(Bloomberg) -- After a dismal start, initial public offering activity in Hong Kong looks poised for a better second half as Beijing steps up support for the financial hub.

The number of IPO filings in Hong Kong rose in the past two months, while cancellations of listing applications on the mainland more than tripled from a year earlier after authorities vowed to tighten stock market supervision. The financial hub saw 22 IPOs announced since April 12, an 83% increase from the same period last year, according to Bloomberg-compiled data. 

China’s pledge to speed up approvals for listings outside of the mainland bodes well for new share sales in Hong Kong, which has seen a 33% year-on-year drop in proceeds raised since the start of 2024. Stricter rules for domestic debuts and a stalled rally in Chinese shares may also drive more major firms to the financial hub.

“In view of the improved activities of the Hong Kong secondary market in the second quarter of 2024 and the A-Share market policy, I am optimistic about the Hong Kong IPO market in the second half,” said Billy Au, corporate & securities partner at Mayer Brown.

As Beijing tightens stock-listing criteria at home, more technology companies are expected to make their way to Hong Kong. Artificial intelligence and robotics tech developer QuantumPharm Inc. debuted this month after the first IPO under the so-called chapter 18C scheme, while Sunwoda Electric Vehicle Battery Co., — which was initially considering an offering in Shenzhen — is eyeing a listing in the city.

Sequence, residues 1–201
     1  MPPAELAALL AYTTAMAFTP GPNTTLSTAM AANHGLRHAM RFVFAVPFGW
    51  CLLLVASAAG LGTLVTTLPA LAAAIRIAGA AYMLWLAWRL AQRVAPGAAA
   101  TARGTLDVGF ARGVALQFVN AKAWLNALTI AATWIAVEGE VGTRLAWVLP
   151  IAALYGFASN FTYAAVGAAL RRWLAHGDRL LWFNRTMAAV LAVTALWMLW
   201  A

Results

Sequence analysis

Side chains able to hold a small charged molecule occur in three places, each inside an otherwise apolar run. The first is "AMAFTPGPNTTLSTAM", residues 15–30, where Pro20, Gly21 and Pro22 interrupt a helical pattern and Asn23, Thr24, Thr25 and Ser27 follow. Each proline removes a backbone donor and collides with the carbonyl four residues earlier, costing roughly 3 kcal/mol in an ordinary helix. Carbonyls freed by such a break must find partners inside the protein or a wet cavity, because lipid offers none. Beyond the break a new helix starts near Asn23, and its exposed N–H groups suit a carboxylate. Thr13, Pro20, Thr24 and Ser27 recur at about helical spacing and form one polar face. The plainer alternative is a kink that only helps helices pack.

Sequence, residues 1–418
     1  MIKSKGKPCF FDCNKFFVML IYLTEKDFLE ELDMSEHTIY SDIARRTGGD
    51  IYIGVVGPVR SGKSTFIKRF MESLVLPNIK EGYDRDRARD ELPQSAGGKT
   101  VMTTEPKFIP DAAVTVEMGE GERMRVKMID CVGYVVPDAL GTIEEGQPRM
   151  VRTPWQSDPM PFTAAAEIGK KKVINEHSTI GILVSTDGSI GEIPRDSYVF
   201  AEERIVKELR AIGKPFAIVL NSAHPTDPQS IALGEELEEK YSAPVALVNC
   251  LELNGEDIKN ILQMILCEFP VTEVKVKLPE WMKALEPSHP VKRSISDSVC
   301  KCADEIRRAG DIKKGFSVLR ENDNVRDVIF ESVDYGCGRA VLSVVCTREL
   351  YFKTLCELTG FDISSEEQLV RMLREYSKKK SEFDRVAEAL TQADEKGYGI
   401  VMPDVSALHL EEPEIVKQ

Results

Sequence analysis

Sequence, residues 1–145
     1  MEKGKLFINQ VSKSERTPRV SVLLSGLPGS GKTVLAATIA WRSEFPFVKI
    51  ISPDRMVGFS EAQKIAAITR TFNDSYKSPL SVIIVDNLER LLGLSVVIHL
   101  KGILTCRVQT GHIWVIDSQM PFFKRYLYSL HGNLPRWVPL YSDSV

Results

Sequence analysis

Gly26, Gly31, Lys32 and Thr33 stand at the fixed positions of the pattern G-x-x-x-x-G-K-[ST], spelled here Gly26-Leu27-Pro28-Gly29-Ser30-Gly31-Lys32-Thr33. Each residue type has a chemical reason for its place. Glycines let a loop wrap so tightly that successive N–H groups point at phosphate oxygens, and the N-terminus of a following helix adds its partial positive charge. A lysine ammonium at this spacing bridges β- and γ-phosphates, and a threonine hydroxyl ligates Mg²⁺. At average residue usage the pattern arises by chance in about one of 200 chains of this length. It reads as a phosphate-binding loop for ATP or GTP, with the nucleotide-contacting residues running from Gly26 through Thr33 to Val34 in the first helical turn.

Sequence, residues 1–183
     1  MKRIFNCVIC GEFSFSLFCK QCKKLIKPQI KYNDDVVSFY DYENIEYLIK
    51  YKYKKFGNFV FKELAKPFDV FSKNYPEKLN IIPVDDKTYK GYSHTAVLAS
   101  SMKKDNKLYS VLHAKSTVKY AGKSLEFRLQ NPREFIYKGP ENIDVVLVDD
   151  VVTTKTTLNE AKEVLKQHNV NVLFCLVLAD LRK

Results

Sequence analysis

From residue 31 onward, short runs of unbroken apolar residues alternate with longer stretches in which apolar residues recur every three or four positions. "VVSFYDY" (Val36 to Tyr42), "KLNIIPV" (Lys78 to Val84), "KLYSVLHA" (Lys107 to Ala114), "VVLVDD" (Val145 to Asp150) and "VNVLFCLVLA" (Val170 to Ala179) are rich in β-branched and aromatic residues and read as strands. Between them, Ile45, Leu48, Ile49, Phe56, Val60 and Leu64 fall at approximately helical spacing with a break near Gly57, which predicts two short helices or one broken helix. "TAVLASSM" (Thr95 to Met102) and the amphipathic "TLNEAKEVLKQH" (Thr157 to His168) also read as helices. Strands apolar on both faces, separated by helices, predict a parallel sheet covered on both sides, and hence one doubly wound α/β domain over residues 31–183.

Other listings on investors’ radar in the second half include Urban Revivo Fashion, a Guangzhou-based company that aims to rival established brands such as Inditex SA’s Zara. 

“I’m particularly interested in the innovation and AI sector, that’s been an area for growth,” said Julia Charlton, the principal partner at Charltons law firm and a member of the listing review committee of Hong Kong’s exchange.

Recent performances of newcomers in Hong Kong also added to optimism in the market. About 75% of the firms that listed in 2024 rose in their inaugural session, versus just 44% in the same period last year.

To be sure, persistently high interest rates and geopolitical woes may weigh on sentiment in the greater China markets. This year’s proceeds from IPOs in the city only amounted to $1.5 billion, less than half of the amount raised in India, Bloomberg-compiled data showed. 

Still, with Chinese authorities prioritizing stability domestically, Hong Kong’s market “is likely to be more active this year,” said John Lee, the co-head of Asia country coverage and global banking at UBS AG. 

--With assistance from Mengchen Lu.

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